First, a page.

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Re: Please stop doing this in your play-by-play

Posted: Fri Aug 16, 2013 8:00 am
by Bill Czaja
Playing devil's advocate, who's to say when to use the nickname of, say, Dennis Boyd or Jim Hunter? At some point, some broadcaster said to himself, "Self, why the hell not?"

Re: Please stop doing this in your play-by-play

Posted: Fri Aug 16, 2013 8:53 am
by Jon Chelesnik
Many great points have been made in this thread. I wish I had chosen different words for my title on this thread. While I'll never be a fan of broadcasters referring to the players they cover in the diminutive (Ex: Cabby instead of Cabrera or Jonesy instead of Jones), there are certainly situations where nicknames are acceptable, especially if the nicknames are popular among the public. My personal preference is still to avoid them when the nicknames are only used primarily in the clubhouse.

How about avoiding THIS in your play-by-play?

Re: Please stop doing this in your play-by-play

Posted: Fri Aug 16, 2013 10:34 am
by ktomasch
malden153 wrote:I believe the main point is that the broadcast should not be as informal as the clubhouse. I find the clubhouse-style nicknames to be very off-putting on the air. To be blunt, too often they make those who use them sound like jock-sniffers.

Because no matter what, no matter how much you think you're "a part of the team," no matter how much you think the players accept you, there's a wall between you and them.

As there should be.

Using a nickname is far from the worst example of being too chummy with people you cover (and it's only human nature to get to know and like likable people you cover, I'm not saying be a completely standoffish jerk about it), but I have heard stuff from early in my career when I did that and I cringe.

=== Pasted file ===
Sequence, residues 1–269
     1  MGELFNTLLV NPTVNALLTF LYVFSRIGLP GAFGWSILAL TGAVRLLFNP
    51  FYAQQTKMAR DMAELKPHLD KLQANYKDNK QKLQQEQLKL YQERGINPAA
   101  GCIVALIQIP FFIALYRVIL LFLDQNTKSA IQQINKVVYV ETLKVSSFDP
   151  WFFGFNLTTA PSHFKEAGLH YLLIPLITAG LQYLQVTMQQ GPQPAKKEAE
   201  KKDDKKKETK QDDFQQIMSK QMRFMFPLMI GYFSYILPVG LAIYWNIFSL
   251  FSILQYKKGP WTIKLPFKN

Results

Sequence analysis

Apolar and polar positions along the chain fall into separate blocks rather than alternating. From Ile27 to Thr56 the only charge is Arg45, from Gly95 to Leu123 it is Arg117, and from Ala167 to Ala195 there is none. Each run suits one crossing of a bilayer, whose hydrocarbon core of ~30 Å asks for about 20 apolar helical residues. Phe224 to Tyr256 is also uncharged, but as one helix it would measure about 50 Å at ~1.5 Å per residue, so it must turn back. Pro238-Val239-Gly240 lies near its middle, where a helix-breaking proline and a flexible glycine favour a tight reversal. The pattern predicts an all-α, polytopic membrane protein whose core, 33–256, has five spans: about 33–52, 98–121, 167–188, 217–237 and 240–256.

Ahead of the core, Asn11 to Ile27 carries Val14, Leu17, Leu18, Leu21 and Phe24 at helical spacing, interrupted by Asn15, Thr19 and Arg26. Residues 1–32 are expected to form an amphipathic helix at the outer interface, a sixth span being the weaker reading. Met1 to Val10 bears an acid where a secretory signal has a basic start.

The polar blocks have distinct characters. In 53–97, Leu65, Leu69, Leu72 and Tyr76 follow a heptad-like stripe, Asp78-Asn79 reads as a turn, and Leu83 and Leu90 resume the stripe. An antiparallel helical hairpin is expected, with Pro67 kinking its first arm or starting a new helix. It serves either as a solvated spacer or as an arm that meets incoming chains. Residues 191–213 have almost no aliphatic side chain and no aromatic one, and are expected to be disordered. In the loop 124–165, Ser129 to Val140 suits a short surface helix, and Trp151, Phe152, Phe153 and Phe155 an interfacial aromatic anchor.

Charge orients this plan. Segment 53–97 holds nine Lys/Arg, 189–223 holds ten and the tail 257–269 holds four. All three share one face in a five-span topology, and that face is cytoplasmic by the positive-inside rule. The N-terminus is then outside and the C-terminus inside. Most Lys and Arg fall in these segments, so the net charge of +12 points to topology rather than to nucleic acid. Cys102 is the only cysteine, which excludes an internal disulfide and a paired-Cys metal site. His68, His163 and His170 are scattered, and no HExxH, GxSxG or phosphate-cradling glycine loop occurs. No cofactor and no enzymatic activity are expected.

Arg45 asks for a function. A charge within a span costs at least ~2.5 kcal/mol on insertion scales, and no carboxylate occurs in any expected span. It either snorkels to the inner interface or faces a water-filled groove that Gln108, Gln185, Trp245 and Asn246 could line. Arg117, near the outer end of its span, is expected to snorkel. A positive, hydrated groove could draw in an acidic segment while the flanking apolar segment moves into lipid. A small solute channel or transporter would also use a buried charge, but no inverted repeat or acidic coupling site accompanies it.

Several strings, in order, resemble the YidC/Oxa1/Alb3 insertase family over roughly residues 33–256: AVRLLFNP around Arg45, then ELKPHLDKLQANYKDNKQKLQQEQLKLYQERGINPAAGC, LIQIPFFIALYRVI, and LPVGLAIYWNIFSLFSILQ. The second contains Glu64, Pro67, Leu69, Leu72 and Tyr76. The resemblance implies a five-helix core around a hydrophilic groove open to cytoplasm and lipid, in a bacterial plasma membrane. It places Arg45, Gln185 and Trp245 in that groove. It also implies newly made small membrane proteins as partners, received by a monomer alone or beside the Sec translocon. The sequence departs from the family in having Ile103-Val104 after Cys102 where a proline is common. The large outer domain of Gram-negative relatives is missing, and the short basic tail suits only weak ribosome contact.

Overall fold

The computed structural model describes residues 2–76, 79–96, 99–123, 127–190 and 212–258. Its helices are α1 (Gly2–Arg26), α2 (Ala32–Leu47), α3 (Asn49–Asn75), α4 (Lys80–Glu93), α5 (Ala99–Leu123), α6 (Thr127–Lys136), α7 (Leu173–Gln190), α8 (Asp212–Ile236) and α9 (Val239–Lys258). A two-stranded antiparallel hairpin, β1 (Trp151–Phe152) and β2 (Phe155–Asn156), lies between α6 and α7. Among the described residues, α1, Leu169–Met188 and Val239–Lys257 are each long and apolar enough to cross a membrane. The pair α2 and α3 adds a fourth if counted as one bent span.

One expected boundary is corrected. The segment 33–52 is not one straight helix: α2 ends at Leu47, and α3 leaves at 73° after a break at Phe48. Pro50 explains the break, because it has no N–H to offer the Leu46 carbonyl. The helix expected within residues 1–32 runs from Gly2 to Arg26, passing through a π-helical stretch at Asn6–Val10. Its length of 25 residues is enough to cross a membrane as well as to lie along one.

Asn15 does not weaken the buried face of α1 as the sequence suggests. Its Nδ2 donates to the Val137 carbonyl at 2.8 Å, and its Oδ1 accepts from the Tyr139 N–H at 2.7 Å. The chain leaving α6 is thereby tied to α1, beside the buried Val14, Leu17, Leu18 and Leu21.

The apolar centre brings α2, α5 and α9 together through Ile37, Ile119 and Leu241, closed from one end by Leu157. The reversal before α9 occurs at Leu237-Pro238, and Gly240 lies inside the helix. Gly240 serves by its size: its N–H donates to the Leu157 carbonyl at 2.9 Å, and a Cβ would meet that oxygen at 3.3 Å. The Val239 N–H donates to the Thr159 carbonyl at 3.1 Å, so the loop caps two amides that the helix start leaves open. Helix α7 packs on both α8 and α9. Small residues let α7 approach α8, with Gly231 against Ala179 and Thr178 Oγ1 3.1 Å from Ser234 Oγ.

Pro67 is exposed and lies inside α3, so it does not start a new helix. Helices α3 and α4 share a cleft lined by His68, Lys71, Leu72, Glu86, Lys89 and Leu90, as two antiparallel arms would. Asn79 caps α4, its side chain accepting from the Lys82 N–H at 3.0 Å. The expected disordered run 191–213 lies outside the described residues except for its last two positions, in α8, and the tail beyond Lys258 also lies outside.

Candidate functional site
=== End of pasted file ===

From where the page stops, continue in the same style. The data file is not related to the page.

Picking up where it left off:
(One that sticks with me - it wasn't me, but someone else - was from years ago, a college basketball team had a player named Herb. The pbp guy was quite the homer, and with Herb on the free throw line late in a game, he said, very earnestly, "Come on, Herbie, COME ON, BABY!" I can't remember if Herb hit the free throws or not, I was laughing so hard listening on the radio. To this day - probably 20+ years later - when I want something to happen, whether it's in a game I'm watching or I'm hoping for an opening in traffic or for a file to download in time, I almost always say "Come on, Herbie, COME ON, BABY!" as a goof. It's a part of speech now.)

Re: Please stop doing this in your play-by-play

Posted: Fri Aug 16, 2013 10:41 am
by AkSarBen
I think you have be careful with nicknames. I think as a second reference they are ok since they are tied to the persons actual name.

Re: Please stop doing this in your play-by-play

Posted: Wed Mar 17, 2021 10:15 am
by Jon Chelesnik
I've pulled this topic from the archives. Thought it might be fun to get some fresh perspectives on it.

What are your thoughts?

Re: Please stop doing this in your play-by-play

Posted: Thu Mar 18, 2021 11:00 am
by PhilGiubileo
Well, the world is MUCH different in 2021 as opposed to when this thread was created in 2013.

On one hand, we now live in a world where Kevin Harlan will describe (with great accuracy and entertainment value) the exploits of a streaker or a black cat on a football field, the former at the Super Bowl. Nicknames are probably the least of our concerns. So in some respects, all bets are off! Meanwhile, I don't have a problem with using nicknames, especially if they're well known by the audience that you're broadcasting to. In many respects, today's social media brings a certain level of closeness between the athletes and the fans, and nicknames can be a part of that. There's always a level of moderation as the PxP announcer that you have to bring to the table, and you cannot only use nicknames, or use them exclusively.

What I'd rather see curtailed are broadcasts w/announcers that try to make it more about themselves as opposed to the players that they're covering. I mentioned Kevin Harlan above, and there's a real entertainment value for when he gives attention in those strange situations. For every Kevin Harlan though, there seem to be many more announcers that attempt to go viral with their highlight calls - or at the very least, you hear/see more of it because it's easy to post online. That said, it feels like a disservice to the audience and the players that you cover when certain calls feel a bit more self-serving than they should be.